Welcome to my Professional Learning blog.
My name is Matt Nicoll and I am a high school teacher in New Zealand, interested in improving the classroom experience for my students. I am open to trialing new approaches and hope to use this blog to reflect on my ideas and practices.

Monday, 25 February 2013

Teaching Space

It is tough sharing a classroom with other teachers. It is awesome having an HoD who listens to your crazy ideas for classroom layout, moderates them, and helps you see workable solutions. It is also great having colleagues who use your room being so willing to adapt to the teaching environment you create with those moderated crazy ideas.

Rows: Control and Avoid Rows

Please tell me that you got the pun... When I started teaching (at boys' schools), I found that the best way to get control of the class, put them into workable laboratory groups and to avoid arguments (rows) was to put them into rows, all facing the front.

There were variations of this that I tried, but usually only to fit more desks in the same-sized classroom, as roll (and class) sizes grew; this is a topic for a future rant I think. Ultimately, I decided that three rows with an alleyway down the middle worked best for me. Please note..."for me". I had good control of most classes, could look at the quality of most students' work and each row split off to their respective lab stations conveniently.

What it meant, however, was that all discussions had to be carried out via me or done at the lab stations. The only real opportunity for collaboration was at the lab stations. Yes this got the boys out of their seats and did make me plan collaborative tasks in every lesson at the lab stations, but really...!

Groups: Collaborate and Create

I tried this a lot as a younger teacher but it just didn't work. To this day, I do not know why. Maybe I just didn't model collaboration well enough and did not give valuable enough collaborative activities to get the boys doing this. Maybe it was because they were boys. Maybe it was because in every other class they had to sit in rows and generally work (learn??) independently. I generalise, of course. Not every class was like this at all!

My classroom in 2012.
However, once I moved to a co-educational school (and yes, an independent one at that), I noticed very quickly that there was a stronger desire to collaborate. Yes there was also a stronger temptation to gossip, chat off-task and distractions were so much worse. However, I wanted to capture the opportunity to try more collaborative work. Rows were not going to do any more....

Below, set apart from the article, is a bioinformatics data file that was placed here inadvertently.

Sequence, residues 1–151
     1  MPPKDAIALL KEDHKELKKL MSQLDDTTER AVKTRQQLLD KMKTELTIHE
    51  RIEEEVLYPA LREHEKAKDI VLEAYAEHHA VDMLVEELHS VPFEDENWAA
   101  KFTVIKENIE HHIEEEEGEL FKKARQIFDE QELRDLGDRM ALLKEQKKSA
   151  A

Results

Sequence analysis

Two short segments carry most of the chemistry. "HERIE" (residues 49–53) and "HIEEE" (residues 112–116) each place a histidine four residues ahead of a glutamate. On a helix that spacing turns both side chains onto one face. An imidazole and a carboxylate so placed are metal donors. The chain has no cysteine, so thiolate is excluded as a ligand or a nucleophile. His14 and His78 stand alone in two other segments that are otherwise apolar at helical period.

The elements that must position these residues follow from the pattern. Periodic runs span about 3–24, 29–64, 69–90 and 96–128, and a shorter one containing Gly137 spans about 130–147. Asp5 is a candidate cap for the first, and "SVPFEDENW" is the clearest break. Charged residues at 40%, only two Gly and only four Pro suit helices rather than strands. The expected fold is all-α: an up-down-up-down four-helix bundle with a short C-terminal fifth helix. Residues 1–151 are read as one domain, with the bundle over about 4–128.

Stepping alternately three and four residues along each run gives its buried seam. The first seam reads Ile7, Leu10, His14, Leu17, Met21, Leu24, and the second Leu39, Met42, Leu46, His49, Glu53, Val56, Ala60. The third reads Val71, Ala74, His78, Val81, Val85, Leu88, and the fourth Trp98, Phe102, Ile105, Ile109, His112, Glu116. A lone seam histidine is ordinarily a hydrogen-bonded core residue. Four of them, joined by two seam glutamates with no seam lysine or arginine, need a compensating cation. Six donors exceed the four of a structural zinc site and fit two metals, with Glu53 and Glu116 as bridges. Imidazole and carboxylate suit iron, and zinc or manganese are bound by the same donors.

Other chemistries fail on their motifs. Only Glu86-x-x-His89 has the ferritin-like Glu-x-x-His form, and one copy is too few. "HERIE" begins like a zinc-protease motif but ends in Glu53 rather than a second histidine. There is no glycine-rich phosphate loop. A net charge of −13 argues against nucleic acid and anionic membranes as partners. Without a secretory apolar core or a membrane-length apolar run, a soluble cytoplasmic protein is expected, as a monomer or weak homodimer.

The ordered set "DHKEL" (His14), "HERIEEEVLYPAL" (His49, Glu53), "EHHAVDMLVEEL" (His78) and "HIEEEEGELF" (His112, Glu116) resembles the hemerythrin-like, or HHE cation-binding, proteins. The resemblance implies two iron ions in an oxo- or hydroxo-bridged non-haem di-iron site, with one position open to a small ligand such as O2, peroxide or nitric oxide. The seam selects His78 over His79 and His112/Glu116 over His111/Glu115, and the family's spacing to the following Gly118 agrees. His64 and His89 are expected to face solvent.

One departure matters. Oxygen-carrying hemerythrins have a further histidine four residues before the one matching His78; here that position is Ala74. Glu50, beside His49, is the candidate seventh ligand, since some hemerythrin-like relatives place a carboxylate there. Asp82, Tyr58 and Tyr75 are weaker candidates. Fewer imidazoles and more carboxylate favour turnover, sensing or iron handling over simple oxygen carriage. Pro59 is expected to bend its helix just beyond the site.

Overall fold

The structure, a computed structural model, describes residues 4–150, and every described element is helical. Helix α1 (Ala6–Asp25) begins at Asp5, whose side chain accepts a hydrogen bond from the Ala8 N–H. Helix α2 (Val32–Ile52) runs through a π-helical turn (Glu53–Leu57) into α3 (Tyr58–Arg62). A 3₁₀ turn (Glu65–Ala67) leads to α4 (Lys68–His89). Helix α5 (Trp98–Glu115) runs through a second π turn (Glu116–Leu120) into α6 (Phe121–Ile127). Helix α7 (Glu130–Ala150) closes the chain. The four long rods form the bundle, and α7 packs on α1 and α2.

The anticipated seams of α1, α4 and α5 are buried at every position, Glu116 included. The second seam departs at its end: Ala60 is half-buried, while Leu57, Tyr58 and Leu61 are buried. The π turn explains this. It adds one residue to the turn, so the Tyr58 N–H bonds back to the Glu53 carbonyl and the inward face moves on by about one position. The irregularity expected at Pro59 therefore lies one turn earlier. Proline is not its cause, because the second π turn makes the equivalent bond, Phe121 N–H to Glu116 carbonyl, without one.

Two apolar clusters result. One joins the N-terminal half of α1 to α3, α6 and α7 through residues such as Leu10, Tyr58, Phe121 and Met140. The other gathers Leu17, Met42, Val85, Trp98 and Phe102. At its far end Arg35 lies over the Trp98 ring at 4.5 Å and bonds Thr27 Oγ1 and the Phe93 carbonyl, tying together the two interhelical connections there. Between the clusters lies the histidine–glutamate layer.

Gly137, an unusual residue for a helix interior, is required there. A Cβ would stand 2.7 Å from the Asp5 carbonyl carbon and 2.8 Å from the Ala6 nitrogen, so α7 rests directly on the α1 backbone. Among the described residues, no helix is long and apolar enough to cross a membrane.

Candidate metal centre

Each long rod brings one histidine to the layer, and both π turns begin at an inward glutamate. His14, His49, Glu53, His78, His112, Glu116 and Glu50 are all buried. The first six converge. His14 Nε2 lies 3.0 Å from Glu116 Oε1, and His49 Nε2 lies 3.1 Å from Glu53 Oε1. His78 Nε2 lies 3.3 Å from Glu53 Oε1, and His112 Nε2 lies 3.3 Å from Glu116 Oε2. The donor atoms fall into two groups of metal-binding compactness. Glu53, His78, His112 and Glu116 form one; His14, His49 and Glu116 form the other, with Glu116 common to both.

Imagine the students' shock and surprise when they walked in one Monday morning to see that the rows were gone and groups were there. This isn't what a science lab is meant to look like!!!

This is still not ideal, but it has helped me introduce a lot more collaborative activities, not just experiments. Also, I notice that now they can talk to each other more easily, the students tend to talk more about the work, not off-task topics. No, I am not suggesting they are always on-task, but they tend to help each other more. It is almost as though the change in seating arrangement has told them they are allowed to help each other now.

However, these big, cumbersome desks are hard to move. These groups are static. I want more dynamic group parameters. I want group sizes to change, I want the group participants to vary, I want each group to have a more unique environment. This is a positive start, but I need to go crazy again...

Go Crazy!

I have some ideas...and they may be nuts. I want every desktop to be coated with whiteboard paint. Students have whiteboard markers and brainstorm together. I want these desktops to have hinges so the groups can present their ideas to me (as a moderator or mentor) or to other groups (as learners, moderators or critics).

I want students sitting on chairs/stools/couches that make them comfortable. Most students have laptops now, so why sit them at a desk? The desk is now a place for collaborative ideas to be shared...and presented.

I can see my classroom in my head but I am not artistic enough to draw it so I can share the idea. Maybe one day soon, I will try to draw what I want and post that image on here...